Hill says she will probably write her story about a family and their interactions. She has been brainstorming ideas with fellow students as to the plot and how to present it. Declaring that she is not artistically gifted, she plans to use photos or pictures from the Web to illustrate her story. However she does it, she knows that she and her classmates will get more for their efforts than just a grade.

“I think it’s a great opportunity for people in our school. I don’t think they realize the impact they have,” she says. “Technically, it’s an assignment for us, but I don’t think some people realize how much they appreciate it down there.”

Another senior in the class, Alana Arellano, is writing her second book to be sent to the Dominican Republic.

“I’m writing about a little fish that lives in the sea and he’s going to be showing the different creatures and structures that are in the sea,” she says, adding her previous book was about a giraffe who wanted to be taller.

“He would try to make himself taller by doing all these crazy things,” she explains. “So eventually, his mom told him that he has to wait.”

Although it’s a class assignment, Arellano says it’s hardly been work.

“I like to write things, and I also like to draw, so I actually plan on painting my illustrations,” she says. “It’s just a fun, creative project.”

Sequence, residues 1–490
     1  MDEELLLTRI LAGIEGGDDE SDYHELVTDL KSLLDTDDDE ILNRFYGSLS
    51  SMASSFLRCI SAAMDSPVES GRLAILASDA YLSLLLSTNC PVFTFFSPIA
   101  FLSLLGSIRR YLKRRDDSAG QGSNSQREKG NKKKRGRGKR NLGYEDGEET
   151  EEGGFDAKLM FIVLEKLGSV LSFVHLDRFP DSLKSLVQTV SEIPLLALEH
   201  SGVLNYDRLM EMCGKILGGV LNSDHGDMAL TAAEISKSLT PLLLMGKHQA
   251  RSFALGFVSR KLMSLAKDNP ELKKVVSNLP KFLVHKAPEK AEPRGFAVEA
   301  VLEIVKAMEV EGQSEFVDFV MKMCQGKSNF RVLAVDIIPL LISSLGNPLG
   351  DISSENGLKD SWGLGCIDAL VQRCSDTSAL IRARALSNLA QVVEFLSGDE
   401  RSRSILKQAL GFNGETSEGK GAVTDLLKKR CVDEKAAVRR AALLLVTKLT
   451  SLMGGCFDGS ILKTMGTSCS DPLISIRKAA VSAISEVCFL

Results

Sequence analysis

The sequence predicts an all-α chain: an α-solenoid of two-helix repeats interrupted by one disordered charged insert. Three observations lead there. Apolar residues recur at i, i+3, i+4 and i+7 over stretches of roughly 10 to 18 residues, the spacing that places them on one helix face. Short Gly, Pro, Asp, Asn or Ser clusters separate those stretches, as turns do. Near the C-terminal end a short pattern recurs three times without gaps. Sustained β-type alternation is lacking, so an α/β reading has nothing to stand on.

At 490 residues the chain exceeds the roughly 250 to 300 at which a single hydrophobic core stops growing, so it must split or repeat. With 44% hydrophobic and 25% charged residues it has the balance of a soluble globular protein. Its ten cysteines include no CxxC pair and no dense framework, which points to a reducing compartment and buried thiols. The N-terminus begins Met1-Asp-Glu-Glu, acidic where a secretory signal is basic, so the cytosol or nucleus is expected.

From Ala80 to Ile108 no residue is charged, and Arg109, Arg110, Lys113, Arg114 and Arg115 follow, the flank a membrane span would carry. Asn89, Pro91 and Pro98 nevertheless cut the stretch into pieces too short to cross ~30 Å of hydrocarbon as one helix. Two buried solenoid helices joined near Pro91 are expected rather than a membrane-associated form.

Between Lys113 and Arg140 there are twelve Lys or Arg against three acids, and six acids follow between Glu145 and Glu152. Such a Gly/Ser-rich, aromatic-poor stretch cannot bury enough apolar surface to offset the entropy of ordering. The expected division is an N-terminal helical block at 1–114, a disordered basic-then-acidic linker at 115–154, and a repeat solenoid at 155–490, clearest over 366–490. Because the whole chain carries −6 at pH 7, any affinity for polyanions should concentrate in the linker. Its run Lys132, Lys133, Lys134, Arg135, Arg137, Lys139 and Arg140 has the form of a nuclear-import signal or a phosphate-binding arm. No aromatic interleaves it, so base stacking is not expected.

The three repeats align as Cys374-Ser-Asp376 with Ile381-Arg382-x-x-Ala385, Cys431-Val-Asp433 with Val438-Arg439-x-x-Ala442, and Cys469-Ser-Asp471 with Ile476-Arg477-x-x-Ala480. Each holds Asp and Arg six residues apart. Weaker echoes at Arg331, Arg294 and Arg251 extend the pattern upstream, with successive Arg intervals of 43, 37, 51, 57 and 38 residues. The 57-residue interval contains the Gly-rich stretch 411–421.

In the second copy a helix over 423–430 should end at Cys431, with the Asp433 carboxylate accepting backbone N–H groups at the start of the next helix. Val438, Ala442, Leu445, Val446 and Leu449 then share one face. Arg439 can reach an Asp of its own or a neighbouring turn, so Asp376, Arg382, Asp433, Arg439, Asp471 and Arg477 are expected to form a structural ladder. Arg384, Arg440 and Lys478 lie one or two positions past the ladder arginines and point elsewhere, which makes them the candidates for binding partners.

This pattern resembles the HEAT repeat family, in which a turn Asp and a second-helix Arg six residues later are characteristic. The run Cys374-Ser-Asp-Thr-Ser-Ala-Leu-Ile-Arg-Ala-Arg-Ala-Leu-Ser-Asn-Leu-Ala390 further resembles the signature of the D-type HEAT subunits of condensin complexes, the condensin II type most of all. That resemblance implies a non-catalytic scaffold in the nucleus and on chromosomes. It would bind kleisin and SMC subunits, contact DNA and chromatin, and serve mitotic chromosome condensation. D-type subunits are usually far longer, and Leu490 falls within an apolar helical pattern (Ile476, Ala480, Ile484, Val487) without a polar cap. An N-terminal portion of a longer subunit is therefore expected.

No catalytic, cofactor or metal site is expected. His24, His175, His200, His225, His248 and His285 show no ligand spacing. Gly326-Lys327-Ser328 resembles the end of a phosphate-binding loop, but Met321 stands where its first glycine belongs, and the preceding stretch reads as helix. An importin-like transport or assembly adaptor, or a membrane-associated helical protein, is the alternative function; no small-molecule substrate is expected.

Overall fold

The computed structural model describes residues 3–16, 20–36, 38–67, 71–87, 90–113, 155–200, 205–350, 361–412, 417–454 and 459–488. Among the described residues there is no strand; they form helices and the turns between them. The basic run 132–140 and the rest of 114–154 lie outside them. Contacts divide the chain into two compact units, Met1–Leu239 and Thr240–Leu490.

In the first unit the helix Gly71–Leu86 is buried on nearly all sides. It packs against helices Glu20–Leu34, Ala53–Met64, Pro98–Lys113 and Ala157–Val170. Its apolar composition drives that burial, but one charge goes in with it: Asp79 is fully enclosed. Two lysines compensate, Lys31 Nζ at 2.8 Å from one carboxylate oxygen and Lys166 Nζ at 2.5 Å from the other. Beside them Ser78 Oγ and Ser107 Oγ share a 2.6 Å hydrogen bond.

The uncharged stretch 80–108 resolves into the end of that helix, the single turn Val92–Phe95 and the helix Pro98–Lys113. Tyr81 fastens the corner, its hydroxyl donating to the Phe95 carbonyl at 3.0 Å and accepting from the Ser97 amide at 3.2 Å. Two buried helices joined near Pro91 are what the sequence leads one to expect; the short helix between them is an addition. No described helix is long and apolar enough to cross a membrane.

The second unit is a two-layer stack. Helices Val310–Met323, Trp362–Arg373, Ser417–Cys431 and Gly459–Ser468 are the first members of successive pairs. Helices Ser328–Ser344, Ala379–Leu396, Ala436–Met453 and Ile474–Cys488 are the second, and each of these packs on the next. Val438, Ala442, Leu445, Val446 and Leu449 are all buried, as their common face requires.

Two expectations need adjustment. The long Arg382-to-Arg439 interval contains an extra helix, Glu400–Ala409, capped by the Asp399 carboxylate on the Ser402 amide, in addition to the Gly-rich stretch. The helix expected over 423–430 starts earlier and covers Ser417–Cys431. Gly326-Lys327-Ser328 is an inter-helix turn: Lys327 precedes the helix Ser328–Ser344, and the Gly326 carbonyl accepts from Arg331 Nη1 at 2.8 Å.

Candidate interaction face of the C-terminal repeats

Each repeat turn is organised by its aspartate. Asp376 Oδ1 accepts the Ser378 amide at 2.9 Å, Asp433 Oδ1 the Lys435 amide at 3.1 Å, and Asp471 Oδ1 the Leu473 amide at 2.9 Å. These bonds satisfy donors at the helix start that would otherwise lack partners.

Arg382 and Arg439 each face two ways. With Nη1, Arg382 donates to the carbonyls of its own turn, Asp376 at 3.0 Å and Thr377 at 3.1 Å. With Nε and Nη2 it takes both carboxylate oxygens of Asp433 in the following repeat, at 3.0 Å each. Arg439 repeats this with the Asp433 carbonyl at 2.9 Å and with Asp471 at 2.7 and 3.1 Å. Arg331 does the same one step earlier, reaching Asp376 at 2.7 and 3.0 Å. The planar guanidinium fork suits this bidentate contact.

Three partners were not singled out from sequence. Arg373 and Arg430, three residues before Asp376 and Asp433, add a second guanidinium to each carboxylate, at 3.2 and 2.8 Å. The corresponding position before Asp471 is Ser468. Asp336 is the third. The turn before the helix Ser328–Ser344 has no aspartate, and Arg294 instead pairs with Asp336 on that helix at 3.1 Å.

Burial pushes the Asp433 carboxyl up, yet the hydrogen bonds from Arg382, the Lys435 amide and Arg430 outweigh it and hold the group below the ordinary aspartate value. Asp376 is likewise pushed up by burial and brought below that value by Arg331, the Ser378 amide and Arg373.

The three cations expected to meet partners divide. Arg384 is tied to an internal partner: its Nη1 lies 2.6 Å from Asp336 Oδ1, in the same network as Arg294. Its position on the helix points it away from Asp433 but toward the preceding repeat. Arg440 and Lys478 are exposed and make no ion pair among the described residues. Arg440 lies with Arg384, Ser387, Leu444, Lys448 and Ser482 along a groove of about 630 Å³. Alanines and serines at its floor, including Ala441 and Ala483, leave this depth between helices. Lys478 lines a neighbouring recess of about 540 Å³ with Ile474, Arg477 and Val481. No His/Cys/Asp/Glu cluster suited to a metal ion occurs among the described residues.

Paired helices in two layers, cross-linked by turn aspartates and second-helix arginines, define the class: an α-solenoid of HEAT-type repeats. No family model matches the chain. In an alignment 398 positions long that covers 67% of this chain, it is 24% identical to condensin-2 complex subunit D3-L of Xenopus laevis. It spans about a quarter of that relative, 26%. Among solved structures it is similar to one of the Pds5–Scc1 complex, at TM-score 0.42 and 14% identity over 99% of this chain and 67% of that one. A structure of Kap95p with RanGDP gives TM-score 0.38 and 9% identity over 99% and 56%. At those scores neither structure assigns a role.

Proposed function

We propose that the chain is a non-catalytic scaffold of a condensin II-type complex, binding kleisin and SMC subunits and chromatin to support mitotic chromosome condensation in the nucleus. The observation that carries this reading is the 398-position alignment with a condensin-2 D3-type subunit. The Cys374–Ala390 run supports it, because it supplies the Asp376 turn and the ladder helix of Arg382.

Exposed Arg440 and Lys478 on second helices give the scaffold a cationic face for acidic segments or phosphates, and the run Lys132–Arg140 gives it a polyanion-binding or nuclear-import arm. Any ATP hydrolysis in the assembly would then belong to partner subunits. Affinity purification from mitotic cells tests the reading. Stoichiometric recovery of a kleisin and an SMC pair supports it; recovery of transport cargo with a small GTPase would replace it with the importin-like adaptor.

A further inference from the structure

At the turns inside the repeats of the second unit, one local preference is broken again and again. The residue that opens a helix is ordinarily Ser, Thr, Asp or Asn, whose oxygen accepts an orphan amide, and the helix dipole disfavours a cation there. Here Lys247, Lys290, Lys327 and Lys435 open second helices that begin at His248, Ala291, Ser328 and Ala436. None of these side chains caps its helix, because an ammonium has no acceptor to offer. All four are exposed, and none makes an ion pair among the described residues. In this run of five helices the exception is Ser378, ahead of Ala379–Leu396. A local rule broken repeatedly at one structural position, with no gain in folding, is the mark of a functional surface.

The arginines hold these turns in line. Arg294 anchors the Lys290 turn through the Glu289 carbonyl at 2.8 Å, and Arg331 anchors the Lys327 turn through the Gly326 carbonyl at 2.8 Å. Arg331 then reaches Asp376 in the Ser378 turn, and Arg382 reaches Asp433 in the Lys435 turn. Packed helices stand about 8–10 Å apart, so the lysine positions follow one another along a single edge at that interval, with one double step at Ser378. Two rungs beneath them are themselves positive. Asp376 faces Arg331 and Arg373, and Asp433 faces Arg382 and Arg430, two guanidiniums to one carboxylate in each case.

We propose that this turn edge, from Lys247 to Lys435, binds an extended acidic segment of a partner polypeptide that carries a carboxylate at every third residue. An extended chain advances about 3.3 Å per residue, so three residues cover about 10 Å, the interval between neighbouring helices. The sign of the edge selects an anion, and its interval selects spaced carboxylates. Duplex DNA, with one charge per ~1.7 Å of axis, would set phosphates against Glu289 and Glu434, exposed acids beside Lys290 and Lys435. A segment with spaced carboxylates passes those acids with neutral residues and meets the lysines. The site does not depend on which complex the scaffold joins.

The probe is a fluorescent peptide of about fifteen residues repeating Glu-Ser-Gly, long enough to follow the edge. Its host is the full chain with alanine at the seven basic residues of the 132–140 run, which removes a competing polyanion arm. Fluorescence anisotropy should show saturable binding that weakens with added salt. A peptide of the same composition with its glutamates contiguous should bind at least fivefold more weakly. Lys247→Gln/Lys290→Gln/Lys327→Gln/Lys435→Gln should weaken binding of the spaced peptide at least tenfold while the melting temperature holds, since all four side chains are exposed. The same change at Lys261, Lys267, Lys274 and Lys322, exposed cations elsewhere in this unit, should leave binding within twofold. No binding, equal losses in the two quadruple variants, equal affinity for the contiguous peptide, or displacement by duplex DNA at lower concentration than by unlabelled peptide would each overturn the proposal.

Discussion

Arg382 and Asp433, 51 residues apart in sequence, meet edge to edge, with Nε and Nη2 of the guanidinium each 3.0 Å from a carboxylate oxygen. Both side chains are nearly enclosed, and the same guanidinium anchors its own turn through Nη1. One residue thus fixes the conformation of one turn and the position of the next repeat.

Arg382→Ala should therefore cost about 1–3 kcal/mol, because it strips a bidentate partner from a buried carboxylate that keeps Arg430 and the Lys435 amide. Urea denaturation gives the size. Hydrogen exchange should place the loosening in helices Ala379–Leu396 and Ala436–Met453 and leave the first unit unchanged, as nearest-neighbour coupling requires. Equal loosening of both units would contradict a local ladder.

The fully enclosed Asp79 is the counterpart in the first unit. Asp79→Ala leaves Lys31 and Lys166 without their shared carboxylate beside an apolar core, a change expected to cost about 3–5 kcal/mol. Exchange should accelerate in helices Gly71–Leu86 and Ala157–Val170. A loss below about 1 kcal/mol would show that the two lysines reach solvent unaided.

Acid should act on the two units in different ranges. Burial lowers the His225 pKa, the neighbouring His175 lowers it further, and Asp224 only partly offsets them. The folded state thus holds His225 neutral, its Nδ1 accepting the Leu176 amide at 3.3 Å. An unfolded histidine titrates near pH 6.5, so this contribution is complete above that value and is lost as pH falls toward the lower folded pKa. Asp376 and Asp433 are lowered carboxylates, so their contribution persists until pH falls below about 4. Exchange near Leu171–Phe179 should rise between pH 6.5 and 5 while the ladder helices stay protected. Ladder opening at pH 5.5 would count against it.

Arellano receives joy from knowing that her creations are being enjoyed by others.

“To think that you can give to somebody who has less than you and they can appreciate that, with you just putting down your own ideas, your own thoughts on paper and just handing it to them,” she says.

However, her inspiration comes from her family, some of whom live in Mexico.

“They live in dirt houses, and stuff like that,” she says. “I think of that and I think of how my grandparents and the other half of my family lives.”

The books will be completed in March before spring break. Dean plans to take them to the Dominican Republic when he returns to the country in June.

Beery’s students often get feedback about their stories from the school, located in the town of Bombita, close to the country’s northern shore. Oftentimes the children will write a letter thanking Beery and the students. Dean adds the teacher is also one of his friends on Facebook, making use of modern social media to keep connections.

“When I first started going years ago, the little school in Bombita, it was very rare for them to get their hands on books. You just don’t go into town and see a public library. There’s just no funding for books,” Dean explains. “When I took this box down, that was the start of a mini library within the Dominican school. Beth Beery and her class, they have single-handedly created this wealth of knowledge of books in Spanish right in this public school that most of the schools in the D.R. don’t have access to.”

For more information about David Dean’s missions trips, look up “David Dean’s Mission Possible” on Facebook. For more information about New Missions, go to